1. – working on a bit of data entry, sitting mostly erect but entering data with one hand while the other pets the office cat on his desk.
    2. – hunched forward, chin resting in one hand while reading a technical report from one of the industries we regulate.
    3. – fully reclined with her feet up on a drawer reading some new regulations I asked her to review so I don’t have to.

    In my mind, every one of them has acceptable posture.

  61. umami*

    This reminds me of a meeting I had with another VP’s direct report – the VP was having issues with her direct report understanding her role in a project that my team was providing support for, so I offered to meet with her jointly to make sure we were all on the same page since she hadn’t been taking in feedback well from her own boss. We met at my small conference table in my office, and no joke, she was completely slouched back in her chair, relaxing on the arm rest and appearing completely disengaged the entire time I was speaking with her about the project and expected deliverables from her end. It was the strangest thing! The VP was horribly embarrassed and later asked her why she was sitting like that, and she said she was (apparently in her mind) showing her confidence! So yeah, some people may not fully understand how their posture is perceived. Ultimately, it didn’t work out for her here.

  62. umami*

    I see a lot of focus being on the word ‘posture’, but I don’t think that is the issue the supervisor wsa trying to address. The OP wasn’t being criticized for not having a rigid back when sitting, they were told they sit in a manner that looks more like lounging than sitting, which is not appropriate in a work environment. That is definitely good feedback for someone starting their work career and isn’t cognizant of how to present themselves professionally when sitting in an office environment that doesn’t sound like a private setting or space but in a more public space where visitors would see and wonder why there is a staffer lying on a couch in reception. This isn’t the same as allowing trusted, proven, talented employees bend the norms while they are productively working in their own work space.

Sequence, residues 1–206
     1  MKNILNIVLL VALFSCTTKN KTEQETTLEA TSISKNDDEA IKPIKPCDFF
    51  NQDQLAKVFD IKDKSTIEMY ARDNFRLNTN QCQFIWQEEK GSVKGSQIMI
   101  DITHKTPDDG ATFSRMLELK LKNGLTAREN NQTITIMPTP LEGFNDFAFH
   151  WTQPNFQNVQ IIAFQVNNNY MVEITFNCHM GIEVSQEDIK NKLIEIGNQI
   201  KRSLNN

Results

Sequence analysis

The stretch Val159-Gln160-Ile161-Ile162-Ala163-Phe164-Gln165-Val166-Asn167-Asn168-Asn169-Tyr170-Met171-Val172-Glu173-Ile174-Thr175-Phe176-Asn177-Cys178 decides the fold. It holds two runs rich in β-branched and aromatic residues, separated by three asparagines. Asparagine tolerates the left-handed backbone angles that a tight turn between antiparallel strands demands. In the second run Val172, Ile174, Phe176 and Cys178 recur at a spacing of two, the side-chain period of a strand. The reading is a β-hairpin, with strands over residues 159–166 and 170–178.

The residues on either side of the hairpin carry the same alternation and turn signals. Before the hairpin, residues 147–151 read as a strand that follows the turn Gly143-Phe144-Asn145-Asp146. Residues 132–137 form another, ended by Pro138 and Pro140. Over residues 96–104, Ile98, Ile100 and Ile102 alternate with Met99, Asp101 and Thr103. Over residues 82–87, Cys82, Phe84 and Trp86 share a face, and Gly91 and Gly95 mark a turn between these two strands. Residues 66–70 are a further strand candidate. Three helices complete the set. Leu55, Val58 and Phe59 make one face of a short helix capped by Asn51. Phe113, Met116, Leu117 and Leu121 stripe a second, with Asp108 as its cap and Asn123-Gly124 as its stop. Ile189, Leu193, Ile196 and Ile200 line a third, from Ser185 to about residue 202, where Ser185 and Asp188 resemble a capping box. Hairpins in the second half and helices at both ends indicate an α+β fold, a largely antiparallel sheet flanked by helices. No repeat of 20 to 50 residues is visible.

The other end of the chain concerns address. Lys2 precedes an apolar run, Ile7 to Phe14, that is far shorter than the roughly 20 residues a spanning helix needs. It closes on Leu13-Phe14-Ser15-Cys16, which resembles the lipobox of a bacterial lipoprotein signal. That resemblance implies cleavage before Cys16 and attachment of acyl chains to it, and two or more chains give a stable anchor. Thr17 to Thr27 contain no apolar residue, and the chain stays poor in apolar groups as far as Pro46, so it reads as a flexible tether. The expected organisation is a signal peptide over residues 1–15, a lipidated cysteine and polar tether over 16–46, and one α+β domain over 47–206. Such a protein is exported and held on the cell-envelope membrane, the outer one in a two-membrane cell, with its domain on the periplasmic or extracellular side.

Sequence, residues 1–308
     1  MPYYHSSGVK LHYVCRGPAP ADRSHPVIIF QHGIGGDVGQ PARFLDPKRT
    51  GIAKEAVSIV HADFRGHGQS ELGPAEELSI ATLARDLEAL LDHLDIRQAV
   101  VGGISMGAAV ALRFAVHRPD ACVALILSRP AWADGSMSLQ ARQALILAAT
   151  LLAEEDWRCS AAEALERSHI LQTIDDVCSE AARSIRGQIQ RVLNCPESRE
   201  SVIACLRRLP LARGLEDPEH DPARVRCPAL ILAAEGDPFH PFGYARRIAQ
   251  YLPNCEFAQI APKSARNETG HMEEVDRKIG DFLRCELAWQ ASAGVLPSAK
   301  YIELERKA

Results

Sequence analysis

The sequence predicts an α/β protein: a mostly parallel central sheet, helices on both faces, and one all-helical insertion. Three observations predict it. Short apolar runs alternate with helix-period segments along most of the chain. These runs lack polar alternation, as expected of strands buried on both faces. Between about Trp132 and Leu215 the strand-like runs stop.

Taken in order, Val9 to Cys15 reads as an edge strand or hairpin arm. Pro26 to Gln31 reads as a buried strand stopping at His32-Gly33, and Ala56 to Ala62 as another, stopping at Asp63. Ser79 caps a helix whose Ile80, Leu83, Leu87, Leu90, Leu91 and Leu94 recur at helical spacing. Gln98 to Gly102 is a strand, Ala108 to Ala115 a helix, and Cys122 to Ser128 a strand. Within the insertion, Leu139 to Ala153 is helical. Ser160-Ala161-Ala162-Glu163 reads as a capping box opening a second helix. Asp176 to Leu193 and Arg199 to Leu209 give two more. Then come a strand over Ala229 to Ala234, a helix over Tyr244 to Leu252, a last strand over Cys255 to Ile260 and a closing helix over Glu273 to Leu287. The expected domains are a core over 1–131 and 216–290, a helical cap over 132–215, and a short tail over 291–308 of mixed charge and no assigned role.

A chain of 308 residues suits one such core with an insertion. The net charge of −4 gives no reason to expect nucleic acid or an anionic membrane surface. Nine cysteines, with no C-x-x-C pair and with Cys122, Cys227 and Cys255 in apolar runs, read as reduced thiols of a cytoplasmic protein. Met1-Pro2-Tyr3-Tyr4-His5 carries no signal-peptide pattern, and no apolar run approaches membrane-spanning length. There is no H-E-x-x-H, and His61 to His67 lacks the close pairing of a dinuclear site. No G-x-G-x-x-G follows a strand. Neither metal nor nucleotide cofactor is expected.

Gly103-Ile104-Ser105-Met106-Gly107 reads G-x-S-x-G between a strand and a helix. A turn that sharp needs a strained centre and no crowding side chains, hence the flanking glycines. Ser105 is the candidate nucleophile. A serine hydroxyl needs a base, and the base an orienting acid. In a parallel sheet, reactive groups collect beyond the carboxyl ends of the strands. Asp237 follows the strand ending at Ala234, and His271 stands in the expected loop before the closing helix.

63. DJ*

    As LW mentioned have a physical issue that makes posturing hard worth having an assessment to see if an adjustable sit to stand desk or specific chair would work. Also, good to look at how to alternate one’s posture during the day e.g. loo, get a glass of water, stationary, photocopy, informally meet with someone at their desk/in the hallway. And with a meeting offer to fill up the water jug, distribute documents etc.

  64. SnappinTerrapin*

    Years ago, when I worked for a State agency, one of the NGOs that frequently lobbied our agency had an Executive Director who really missed a lot of business norms. She had a really weird habit of sitting every way but the right way during meetings, including hanging a leg over the arm of a wooden chair while sitting at a conference table. The times that she simply folded one leg under her weren’t really noticeable, at least at first, but some of her posturing issues were significantly distracting. We respected the issues she was there to represent, but it was hard to take her seriously when she was channeling her inner preschooler while transacting serious business.

  65. TeaCoziesRUs*

    OP, I know you mention you have some sort of physical limitation and I’m curious. Have you ever tried a corset? Ignoring modern “wisdom” about corsets and watching LOTS of historical costumers and reenactors on YouTube has convinced me that if I ever go back to the working world it will be with a corset. I’ve spent too many years in yoga pants, flopped in my recliner. :) Between being far too casual as a SAHM and having a larger frame, I’m hoping a corset (custom made, with a tank or chemise underneath) will not only help support my chest better than the thin bra straps, but will also help my posture.

    If this idea intrigues you, may I suggest Abby Cox’s “I Wore 18th Century Clothing for 5 Years” and Bernadette Banner’s “I Grew Up in a Corset…”? There are a TON of great Costubers who have spoken at length on the topic – enough to get me intrigued enough to buy one. If you enjoy write a bit of snark with your history, may I suggest “Reacting to ‘The History of the Corset’ / Busting Some Really Weird Corset Myths”? Abby hosts it but brings in some of my other favorite Costubers, including Nicole Rudolph and Bernadette.

Comments are closed.